Thanks for the recommendation! I went to the page on Fruition Seeds and read the backstory, neat. I’ll add this one to my list!
Experimental Farm Network sells a similar one called Homs Kousa, if memory serves.
nice Dax! i tried to grow some but the cold, wet spring killed them. will try planting out later next spring. i finally have 2 watermelon about the size of a softball. how can you tell when watermelon are ripe?
When the spot in contact with the ground turns yellow watermelon should be ready.
One of my centercut tromboncino was an off type and made fruit like this. If it tastes good I will save seed, who knows what will grow next year! I have 4 or 5 like this.
Squashes (and melons) of all types were a total bust here this year. I waded through the forest of 8 ft tall Johnsongrass in the bottom of the garden where most of my squash and watermelons were planted, earlier this week… I abandoned that section fairly early, when almost none grew. Found a couple of butternut types(I had planted both Waltham and South Anna), and a couple of small green somethings that I don’t necessarily recognize.
But… have one ‘volunteer’ that popped up here at the back porch, that’s run all over the back yard, producing several huge delicata-looking squash. I’d tried growing delicata several times before, and they always lacked vigor, and produced very few, small squash… color me unimpressed… but if this one tastes good, I’ll probably save seeds and plant them next year to see what the next generation looks like!
I have been unimpressed with delicata, too. Low vigor and honestly not that tasty.
What variety is that? It has the shape of a butternut but it is not growing as a vine.
Was gifted seeds of “South Anna Butternut” (“Waltham Butternut” X “Seminole Pumpkin”)—so trialed those this year. Impressed by performance so far—a very productive, disease-tolerant squash. Too early to make any definite statements—they may, after all, sweeten up and improve in storage—but the non-stringy texture and flavor are so far better than “Cherokee Tan” (a durable native moschata, very similar to the Seminole Pumpkin which went into this cross), but somewhat inferior to W.B. It’s not something I’d complain about eating over the winter: especially if times get hard.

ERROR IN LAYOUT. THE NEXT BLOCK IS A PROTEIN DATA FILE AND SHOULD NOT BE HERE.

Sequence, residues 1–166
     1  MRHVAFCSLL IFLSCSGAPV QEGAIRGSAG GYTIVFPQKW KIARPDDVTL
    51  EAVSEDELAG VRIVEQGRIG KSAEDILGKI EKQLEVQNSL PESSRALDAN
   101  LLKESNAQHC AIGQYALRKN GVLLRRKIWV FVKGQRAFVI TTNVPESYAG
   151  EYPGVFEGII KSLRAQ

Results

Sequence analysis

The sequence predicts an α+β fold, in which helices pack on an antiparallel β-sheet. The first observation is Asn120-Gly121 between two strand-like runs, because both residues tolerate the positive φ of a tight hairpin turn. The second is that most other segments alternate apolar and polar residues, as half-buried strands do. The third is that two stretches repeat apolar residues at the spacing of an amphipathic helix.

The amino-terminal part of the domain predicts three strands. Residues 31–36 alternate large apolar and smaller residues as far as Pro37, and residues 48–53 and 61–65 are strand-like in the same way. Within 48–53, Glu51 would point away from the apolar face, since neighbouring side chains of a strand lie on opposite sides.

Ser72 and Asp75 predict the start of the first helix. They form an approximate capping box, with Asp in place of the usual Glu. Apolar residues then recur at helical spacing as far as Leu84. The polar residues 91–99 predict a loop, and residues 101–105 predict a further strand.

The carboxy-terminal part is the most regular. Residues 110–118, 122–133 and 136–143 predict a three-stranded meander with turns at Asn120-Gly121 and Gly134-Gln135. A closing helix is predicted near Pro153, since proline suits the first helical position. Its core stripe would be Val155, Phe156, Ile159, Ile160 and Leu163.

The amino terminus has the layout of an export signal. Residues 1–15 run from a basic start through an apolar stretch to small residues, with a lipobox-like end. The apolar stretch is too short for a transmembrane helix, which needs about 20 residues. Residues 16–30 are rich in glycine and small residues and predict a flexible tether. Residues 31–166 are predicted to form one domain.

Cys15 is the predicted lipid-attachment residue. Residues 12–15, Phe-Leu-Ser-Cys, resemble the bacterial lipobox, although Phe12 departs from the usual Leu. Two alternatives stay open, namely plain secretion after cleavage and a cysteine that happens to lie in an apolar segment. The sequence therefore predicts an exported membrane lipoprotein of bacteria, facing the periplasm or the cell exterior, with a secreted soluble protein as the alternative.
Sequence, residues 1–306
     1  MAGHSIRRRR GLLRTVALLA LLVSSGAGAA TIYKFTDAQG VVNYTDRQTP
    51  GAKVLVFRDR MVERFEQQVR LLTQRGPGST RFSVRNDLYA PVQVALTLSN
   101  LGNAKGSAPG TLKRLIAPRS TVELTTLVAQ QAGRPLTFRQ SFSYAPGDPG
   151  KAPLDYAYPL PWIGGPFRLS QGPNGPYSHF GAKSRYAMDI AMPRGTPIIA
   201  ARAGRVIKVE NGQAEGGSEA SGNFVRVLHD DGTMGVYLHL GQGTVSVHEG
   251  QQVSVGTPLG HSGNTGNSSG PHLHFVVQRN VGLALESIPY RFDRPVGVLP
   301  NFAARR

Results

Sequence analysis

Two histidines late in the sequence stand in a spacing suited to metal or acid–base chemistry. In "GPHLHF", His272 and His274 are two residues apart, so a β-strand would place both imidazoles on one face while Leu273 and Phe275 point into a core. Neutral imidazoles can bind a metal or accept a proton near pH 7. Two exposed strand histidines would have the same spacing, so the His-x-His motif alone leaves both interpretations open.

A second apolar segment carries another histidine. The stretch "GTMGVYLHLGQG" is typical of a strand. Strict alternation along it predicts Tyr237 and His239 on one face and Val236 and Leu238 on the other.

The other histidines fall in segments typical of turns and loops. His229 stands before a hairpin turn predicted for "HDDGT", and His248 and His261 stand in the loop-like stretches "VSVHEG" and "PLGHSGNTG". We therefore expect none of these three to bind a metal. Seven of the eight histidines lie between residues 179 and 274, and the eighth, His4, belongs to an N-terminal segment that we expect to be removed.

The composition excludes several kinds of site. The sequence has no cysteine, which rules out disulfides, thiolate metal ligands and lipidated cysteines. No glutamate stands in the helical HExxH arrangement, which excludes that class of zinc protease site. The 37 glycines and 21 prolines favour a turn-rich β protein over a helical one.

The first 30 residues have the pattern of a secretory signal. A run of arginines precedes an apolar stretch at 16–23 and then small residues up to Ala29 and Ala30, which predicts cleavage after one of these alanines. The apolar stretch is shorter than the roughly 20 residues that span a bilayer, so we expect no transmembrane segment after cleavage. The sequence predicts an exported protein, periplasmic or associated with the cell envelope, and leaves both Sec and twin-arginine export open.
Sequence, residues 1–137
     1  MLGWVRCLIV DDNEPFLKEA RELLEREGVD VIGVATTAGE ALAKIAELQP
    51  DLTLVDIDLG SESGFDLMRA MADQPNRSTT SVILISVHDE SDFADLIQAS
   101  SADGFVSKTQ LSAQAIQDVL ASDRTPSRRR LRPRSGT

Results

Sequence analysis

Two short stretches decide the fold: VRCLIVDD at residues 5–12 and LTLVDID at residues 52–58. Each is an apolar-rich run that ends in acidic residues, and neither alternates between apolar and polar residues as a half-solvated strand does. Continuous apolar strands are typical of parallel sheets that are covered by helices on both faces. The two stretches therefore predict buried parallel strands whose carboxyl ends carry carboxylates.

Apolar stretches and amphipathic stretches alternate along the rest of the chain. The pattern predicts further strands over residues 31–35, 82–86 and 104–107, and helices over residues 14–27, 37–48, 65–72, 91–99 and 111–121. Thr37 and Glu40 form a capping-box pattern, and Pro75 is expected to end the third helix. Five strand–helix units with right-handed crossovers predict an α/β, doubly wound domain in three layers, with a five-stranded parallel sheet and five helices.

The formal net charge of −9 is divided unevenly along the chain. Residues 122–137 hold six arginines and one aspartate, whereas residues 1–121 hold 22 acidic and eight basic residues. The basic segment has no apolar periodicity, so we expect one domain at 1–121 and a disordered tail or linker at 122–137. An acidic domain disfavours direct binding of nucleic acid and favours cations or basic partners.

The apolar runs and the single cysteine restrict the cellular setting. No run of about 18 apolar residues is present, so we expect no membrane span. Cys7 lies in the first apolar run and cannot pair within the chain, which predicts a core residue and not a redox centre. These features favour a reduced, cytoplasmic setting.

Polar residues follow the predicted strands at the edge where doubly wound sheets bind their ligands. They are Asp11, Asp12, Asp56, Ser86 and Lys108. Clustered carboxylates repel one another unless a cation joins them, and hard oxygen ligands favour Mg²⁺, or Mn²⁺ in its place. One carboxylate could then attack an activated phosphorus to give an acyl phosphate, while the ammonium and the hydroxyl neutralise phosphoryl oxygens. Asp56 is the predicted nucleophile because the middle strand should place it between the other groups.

And that’s where I think this one has potential—as a survival/lean times squash—something that’ll pump out decent, nutritious food with very little input. If it stores about as well as its Seminole parent, it’ll be a real winner.
Two words of warning: extreme vigor! I planted six hills in one of our gardens—and South Anna ate the whole thing! We’re talking 40’+ vines here! South Anna needs room. It’d be right at home in a cornfield.
This is not really a stable cultivar—more of a population; the fruits are quite diverse. Many look just like butternuts, some are more globular like the Seminole. And a few take on weirder forms: sausages, torpedoes, or fat barbells. Some are light tan—like a butternut—while others are orange-ish with green striping.
Here are some I picked recently. This represents less than a quarter of the overall harvest.
Not bad considering that after planting them and giving them a little fertilizer I left them to their own devices all season. No spraying, no care whatsoever.
Finished them up. The best we ate are these a few days ago. They are incredibly good if harvested when they are 6 inches.
Squash & melons both were pretty much a bust here. Not a single summer squash lived long enough to make a fruit. Planted a half-dozen or more different winter squash varieties, but ended up with less than a dozen total fruits… looks like a couple of South Anna butternuts, a few Seminole pumpkin, and a couple of Mrs. Amerson squash.
But! I had a volunteer squash pop up at the hydrangea next to the steps at my back porch that we allowed to run… it produced 16 Delicata-looking squash averaging a little over 5 lbs each. On previous attempts at purposely growing Delicata squash, I’ve rarely had a vine produce more than a couple of small fruits, usually less than a pound!